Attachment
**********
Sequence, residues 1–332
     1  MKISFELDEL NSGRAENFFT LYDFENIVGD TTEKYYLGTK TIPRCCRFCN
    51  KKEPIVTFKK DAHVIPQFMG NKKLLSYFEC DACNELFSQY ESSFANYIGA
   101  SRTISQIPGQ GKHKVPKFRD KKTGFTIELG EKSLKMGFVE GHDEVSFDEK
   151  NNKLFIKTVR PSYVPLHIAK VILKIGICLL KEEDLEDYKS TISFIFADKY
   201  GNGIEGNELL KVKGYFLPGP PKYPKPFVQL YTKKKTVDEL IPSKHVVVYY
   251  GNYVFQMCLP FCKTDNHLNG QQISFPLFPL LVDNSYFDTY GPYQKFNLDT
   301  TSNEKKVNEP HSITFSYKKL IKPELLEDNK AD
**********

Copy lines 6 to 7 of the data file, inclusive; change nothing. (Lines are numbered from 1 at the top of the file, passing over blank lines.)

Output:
   201  GNGIEGNELL KVKGYFLPGP PKYPKPFVQL YTKKKTVDEL IPSKHVVVYY
   251  GNYVFQMCLP FCKTDNHLNG QQISFPLFPL LVDNSYFDTY GPYQKFNLDT